Urbana joins the neighboring cities of Springfield, Bellefontaine, Marysville, London, Sidney, Piqua and Troy in being named a Tree City USA for 2018. As part of this nationwide program, Ohioans last year planted more than 24,000 trees, pruned more than 77,000 trees, volunteered more than 42,000 hours in their urban forestry programs and invested a combined total of more than $40 million toward urban forestry efforts.
Trees provide multiple benefits to a community when properly planted and maintained. They help to improve the visual appeal of a neighborhood, increase property values, reduce home cooling costs, remove air pollutants, and provide wildlife habitat, among many other benefits.
Urbana’s Shade Tree Commission is comprised of the following members who serve in an advisory and supporting role to city staff in the city’s urban forest management efforts: Jim Lemon, Ward Lutz, Earl Cottrill, John Kussman, Colin Stein and Doug Crabill. In 2018, members of the commission volunteered in excess of 115 hours.
Currently, the seat representing the 1st ward on the commission is vacant. Residents interested in being appointed can contact Mayor Bill Bean or their city council representative.
The Arbor Day observance and celebration for 2019 will be held this month at the new Urbana Elementary School campus.
By Christopher Selmek, Urbana Daily Citizen, firstname.lastname@example.org
Developers are hopeful that the former Q3 JMC Inc. property at 605 Miami St. will be ready to use later this year, with nearly three-quarters of the Johnson Manufacturing building already leased to various companies, according to True Inspection Services Vice President Joe Timm. Urbana-based TIS is just one company looking forward to taking up residence in the 32,000-square-foot building while continuing to direct the remediation of the 20-acre site.
“Right now we have a contractor that’s doing most of the work and finishing up the remediation,” Timm said in February. “That should be done probably in the next 90 days, and then at that point we’ll apply for the covenant not to sue with the (Environmental Protection Agency), which will probably take another 60-90 days. Once we get that, then at that point we can start some of the redevelopment of the actual building itself.”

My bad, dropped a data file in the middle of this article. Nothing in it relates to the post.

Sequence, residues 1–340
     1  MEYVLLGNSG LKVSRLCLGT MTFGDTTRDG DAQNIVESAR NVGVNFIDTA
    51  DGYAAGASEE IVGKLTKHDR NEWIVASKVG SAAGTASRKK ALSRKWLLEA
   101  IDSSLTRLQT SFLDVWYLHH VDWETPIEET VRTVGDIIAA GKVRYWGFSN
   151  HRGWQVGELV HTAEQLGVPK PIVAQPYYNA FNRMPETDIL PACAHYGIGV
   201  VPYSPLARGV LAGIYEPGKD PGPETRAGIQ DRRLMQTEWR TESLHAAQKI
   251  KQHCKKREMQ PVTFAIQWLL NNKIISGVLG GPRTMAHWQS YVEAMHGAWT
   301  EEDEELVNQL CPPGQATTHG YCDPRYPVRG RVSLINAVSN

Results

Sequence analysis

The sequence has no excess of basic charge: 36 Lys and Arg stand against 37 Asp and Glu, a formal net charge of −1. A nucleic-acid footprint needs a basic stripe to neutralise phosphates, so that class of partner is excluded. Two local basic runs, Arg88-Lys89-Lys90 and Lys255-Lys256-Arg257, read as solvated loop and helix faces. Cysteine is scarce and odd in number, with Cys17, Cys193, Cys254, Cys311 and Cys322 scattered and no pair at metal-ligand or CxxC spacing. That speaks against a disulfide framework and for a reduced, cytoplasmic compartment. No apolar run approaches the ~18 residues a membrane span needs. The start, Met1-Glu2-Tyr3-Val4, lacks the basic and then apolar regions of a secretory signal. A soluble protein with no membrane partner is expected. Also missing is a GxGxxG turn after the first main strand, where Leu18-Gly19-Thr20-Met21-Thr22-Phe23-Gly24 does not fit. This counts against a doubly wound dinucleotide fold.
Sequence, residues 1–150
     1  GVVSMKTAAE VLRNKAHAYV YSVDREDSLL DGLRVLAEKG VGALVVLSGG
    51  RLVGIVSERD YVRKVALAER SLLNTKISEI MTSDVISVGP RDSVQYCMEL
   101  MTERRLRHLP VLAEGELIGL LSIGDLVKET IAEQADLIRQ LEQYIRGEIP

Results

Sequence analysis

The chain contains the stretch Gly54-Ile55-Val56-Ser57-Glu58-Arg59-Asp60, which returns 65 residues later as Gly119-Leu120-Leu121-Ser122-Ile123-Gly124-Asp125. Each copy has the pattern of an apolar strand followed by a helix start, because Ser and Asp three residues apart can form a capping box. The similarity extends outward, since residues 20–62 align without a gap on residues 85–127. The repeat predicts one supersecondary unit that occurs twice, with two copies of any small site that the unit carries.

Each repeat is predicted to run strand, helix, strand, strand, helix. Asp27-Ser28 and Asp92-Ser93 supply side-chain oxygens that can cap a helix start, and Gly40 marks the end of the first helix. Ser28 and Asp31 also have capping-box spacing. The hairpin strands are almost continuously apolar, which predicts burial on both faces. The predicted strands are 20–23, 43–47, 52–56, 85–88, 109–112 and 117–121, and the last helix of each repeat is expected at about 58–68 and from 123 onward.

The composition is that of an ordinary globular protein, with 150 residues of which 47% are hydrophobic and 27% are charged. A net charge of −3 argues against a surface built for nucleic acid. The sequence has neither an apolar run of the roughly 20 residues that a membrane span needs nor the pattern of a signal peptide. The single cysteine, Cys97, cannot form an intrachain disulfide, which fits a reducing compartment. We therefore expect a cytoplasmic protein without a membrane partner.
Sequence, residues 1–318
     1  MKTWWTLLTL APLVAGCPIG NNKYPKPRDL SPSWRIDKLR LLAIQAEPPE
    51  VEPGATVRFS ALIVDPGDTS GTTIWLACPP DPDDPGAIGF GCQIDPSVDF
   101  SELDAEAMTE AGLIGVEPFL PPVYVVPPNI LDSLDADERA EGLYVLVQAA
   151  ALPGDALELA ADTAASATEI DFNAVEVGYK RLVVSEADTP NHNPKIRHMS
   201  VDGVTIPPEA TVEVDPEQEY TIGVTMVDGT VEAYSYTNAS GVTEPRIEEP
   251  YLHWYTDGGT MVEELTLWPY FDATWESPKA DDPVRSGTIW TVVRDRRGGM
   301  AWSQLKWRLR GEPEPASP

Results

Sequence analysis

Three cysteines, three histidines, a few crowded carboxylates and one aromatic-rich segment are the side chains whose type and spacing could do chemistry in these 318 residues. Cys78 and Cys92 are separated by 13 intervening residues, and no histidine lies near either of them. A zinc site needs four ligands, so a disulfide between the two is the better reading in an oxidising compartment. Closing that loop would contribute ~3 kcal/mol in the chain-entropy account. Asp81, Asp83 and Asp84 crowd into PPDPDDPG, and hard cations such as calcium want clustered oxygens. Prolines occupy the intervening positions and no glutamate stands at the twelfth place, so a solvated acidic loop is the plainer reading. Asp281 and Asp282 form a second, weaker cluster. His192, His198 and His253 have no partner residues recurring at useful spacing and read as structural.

TIS currently maintains offices at 871 S. Main St., the old Buckles Building, but plans to move to the Johnson Building later this summer. A door manufacturer from Kentucky also plans to establish warehouse space there, which Timm says will create a handful of local jobs.
“We’ve had at least three people go in that building,” said Champaign Economic Partnership Director Marcia Bailey. “Right now you look at it and it looks ugly because it’s got the metal skin on it, but you get in that building and it’s gorgeous. It’s got the big brick in it and the beams, and it’s a gorgeous building.”
Five acres at the rear of the property have never been built on. At the west side, the CEP is looking at a potential opportunity to clean up Ann Street and Beech Street, depending on the end user and if the city wants to maintain them. The entire property is zoned manufacturing, and Bailey said her plan is to market it as such and eventually get every inch possible utilized as manufacturing space.
The east side of the property will belong to TIS, which the company will continue to redevelop and for which lessees will be sought.
“All in total it’s about 20 acres of manufacturing that’s sitting there in the heart of Urbana on a US highway, so it’s prime location,” Bailey said.